His speech is written. The family travel itinerary to Cooperstown, N.Y., is complete. The chartered jets -- at least four of them filled with ebullient Padres fans -- are set to take wing.

But Tony Gwynn knows that this is only the calm before the storm of his July 29 induction into the National Baseball Hall of Fame along with Cal Ripken Jr. A crowd of more than 50,000 is expected to line the rolling green fields behind the Clark Sports Center.

Gwynn said he won't practice the speech. It will make him too nervous. But he has his basic talking points and folks he wants to thank.

"As Sunday approaches, you can't help but to be nervous," Gwynn said Friday during a conference call with the media, his last national public availability before the big day. "You can't help but want to do a good job. I'm just hoping emotionally I can keep it together long enough to get my message across. I'm excited about it, but at the same time nervous about it."

It's been more than six months since Gwynn and Ripken received their calls telling them they had been elected to the Hall by select members of the Baseball Writers Association of America. Both were picked almost unanimously the first time their names appeared on the ballot.

From that moment it has been a whirlwind of interviews, banquets and constant wishes of congratulations. Gwynn, a television baseball analyst and head baseball coach at his alma mater, San Diego State, may feel like he's run the gauntlet, but he said the experience has been "a blast."

"It's been unbelievable," said Gwynn, an eight-time National League batting champion with 3,141 hits in his 20 big-league seasons, all playing for the Padres. "From announcement day, which I figured wasn't that big a deal only to find out that was a huge deal, it's been very interesting. I was able to hang around with Cal, pick his brain a little bit and find out what kind of person he is.

"Cal is going bonkers right now. We're nine days away. I'm a little tired, but I'm looking forward to getting there. I think it's going to get better when we get to Cooperstown."

Not only is Gwynn a Hall of Famer, but he's the first one elected to boast a pure Padres pedigree. The franchise was incorporated in 1969 and there have been others inducted with a trace of San Diego in their blood -- Willie McCovey, Gaylord Perry, Rollie Fingers, Ozzie Smith and Dave Winfield, who was inducted in 2001 as the first player to have the interlocking SD engraved on his plaque.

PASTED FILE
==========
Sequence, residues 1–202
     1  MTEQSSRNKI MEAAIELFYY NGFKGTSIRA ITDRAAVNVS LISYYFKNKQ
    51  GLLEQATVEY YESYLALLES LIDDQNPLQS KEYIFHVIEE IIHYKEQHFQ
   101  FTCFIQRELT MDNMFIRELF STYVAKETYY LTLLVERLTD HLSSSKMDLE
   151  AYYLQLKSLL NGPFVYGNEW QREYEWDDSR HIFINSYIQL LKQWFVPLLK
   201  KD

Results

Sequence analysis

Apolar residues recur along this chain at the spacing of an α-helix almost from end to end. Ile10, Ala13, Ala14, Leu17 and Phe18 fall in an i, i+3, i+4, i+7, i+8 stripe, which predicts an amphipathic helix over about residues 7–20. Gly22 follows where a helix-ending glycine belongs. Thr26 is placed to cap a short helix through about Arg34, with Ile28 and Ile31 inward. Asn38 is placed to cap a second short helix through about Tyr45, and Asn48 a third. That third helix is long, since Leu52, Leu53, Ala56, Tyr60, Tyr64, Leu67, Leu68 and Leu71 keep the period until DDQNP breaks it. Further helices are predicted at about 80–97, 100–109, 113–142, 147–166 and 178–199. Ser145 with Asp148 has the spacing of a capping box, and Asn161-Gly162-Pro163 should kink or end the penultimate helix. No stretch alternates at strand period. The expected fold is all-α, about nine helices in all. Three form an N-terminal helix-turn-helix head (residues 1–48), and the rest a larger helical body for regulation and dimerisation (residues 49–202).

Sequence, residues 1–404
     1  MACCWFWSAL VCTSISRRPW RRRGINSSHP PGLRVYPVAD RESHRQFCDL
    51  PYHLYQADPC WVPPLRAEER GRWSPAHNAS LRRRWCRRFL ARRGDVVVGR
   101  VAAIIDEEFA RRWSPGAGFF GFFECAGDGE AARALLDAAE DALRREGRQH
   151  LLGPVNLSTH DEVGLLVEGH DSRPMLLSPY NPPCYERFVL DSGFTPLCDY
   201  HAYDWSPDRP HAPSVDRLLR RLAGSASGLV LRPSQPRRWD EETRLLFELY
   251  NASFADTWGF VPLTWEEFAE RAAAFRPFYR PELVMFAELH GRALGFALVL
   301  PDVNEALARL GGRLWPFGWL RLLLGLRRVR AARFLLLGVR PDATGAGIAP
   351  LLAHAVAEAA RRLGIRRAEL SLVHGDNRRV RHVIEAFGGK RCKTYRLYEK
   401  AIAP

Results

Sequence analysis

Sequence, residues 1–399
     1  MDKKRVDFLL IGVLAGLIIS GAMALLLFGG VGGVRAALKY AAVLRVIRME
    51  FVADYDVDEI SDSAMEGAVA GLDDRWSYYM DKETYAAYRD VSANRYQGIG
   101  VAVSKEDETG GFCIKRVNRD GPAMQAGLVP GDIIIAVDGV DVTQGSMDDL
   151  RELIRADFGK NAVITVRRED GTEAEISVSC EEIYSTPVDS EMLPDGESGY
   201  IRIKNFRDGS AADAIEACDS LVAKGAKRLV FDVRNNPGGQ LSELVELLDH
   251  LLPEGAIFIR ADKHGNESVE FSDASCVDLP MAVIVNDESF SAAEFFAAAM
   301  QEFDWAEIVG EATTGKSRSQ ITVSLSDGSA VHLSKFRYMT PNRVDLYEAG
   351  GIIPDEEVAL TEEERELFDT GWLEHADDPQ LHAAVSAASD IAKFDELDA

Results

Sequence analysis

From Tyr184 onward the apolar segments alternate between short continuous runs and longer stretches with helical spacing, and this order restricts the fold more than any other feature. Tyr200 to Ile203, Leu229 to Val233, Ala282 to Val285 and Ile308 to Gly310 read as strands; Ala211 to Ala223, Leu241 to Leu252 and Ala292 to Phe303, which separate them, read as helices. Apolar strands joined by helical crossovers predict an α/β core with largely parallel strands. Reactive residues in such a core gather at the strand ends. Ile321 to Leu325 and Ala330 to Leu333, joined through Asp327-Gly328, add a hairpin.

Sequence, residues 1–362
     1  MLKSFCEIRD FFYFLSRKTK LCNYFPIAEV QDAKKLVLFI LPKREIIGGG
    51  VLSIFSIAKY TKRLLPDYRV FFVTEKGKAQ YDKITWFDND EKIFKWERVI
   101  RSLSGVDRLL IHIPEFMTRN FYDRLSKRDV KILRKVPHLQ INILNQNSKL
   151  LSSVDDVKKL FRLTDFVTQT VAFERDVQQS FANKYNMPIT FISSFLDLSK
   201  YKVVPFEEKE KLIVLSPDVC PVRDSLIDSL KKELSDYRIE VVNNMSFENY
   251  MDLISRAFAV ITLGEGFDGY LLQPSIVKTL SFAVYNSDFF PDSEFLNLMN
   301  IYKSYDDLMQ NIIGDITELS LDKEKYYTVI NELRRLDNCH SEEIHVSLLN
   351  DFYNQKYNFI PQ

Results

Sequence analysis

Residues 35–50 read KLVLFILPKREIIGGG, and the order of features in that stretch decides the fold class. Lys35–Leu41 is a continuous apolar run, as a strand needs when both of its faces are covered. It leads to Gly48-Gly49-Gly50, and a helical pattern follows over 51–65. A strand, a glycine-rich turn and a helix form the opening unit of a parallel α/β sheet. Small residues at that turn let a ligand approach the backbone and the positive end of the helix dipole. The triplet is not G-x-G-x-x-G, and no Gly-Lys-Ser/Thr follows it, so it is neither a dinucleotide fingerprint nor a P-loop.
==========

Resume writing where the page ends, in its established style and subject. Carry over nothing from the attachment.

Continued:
Winfield is a vice president for the ballclub these days, and Gwynn still has a personal services contract with the team. A statue of Gwynn is being unveiled this weekend at PETCO Park as part of the pre-Hall of Fame induction Tony Gwynn Weekend.

It's heady stuff for a man who was born and raised in Long Beach, Calif., just 90 miles up the freeway from what has now become his adopted hometown.

Coming with him to Cooperstown will be his wife, Alicia, daughter, Anisha, and son, Tony Gwynn Jr., who is getting a furlough for the day from the Brewers to make the scene. Anisha is slated to sing the Star Spangled Banner and Oh, Canada before the ceremony.

In addition, his mother and mother-in-law will be there, as will his brothers and their families. One of his brothers, Chris, is also a former Major League player and teamed with Tony on the 1996 Padres that won the NL West title. And certainly, there will be the multitudes.

"There's going to be a big contingent there from San Diego," Gwynn said. "The [San Diego State] alumni association has a plane full of people coming, the Padres have three planes full of people, there's a Greyhound Bus coming. In a sea of [Orioles] black and orange there will be some Padres brown and gold and Padres blue and orange in there. We're excited about it, and I think the fans are excited about it. Yes, it's been a very interesting year as we come down the stretch."